At a recent Federal Transportation Administration (FTA) annual drug and alcohol screening conference, Jim Keenan,an industry expert and former program administrator for the Federal Motor Carrier Safety Administration (FMCSA) provided an interesting interpretation of the current rules of the FMCSA as they pertain to the use of prescription drugs by drivers.
Currently, many FMCSA-regulated organizations are wary of requiring their drivers to disclose the use of prescription medications, as this could potentially be seen as a violation of the drivers’ rights to health privacy or could otherwise be interpreted as discriminating against their medical disability. According to a lively discussion at this conference, however, this historical approach is ripe for change.
Disclosure of Certain Prescribed Medications could Potentially be Required
As reported by Mr. Keenan, organizations regulated by the FMCSA could potentially be allowed to require their drivers to proactively report the use of all prescription medications currently being used pursuant to 49 CFR 382.213. Given that many commonly prescribed medications can have powerful effects and could therefore impact driving ability if they are taken during the performance of duties, requiring this information of drivers could have a net positive effect on safety.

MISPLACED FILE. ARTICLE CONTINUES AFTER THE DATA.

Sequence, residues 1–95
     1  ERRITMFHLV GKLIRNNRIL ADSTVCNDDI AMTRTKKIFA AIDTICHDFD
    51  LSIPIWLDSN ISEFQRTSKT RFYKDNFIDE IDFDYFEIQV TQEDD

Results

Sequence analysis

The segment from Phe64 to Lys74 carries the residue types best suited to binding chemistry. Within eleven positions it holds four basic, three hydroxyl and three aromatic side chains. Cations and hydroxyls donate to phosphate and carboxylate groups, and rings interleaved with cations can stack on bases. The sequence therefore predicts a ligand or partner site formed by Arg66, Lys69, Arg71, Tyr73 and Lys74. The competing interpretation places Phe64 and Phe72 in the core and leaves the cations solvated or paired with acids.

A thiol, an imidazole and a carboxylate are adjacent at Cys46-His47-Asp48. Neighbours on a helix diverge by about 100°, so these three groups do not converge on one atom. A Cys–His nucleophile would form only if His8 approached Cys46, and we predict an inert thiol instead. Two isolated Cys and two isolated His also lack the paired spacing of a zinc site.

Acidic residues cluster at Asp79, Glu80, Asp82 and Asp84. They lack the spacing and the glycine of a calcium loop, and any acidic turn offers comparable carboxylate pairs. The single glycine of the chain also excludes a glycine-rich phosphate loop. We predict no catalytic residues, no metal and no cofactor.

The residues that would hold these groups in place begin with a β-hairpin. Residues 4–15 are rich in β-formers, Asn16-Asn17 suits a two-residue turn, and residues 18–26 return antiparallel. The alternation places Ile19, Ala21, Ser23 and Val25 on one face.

If the driver does not disclose the list of medications currently being taken and the motor carrier becomes privy to the driver using this medication during the performance of safety-sensitive activities, the company may be able to take adverse action against the driver.
The consequences for failing to disclose pursuant to 382.213 could be similar to a positive drug test under FMCSA regulation and result in the driver’s removal from duty, remanding to treatment, and requirement that all future transportation employers be notified of the violation.
This interpretation of FMCSA guidelines may come as a surprise to many regulated organizations, which may have not incorporated this practice scenario in their safety programs. As always, regulated organizations should discuss this matter with their own legal counsel to better gauge whether this new interpretation would be applicable to their safety program.
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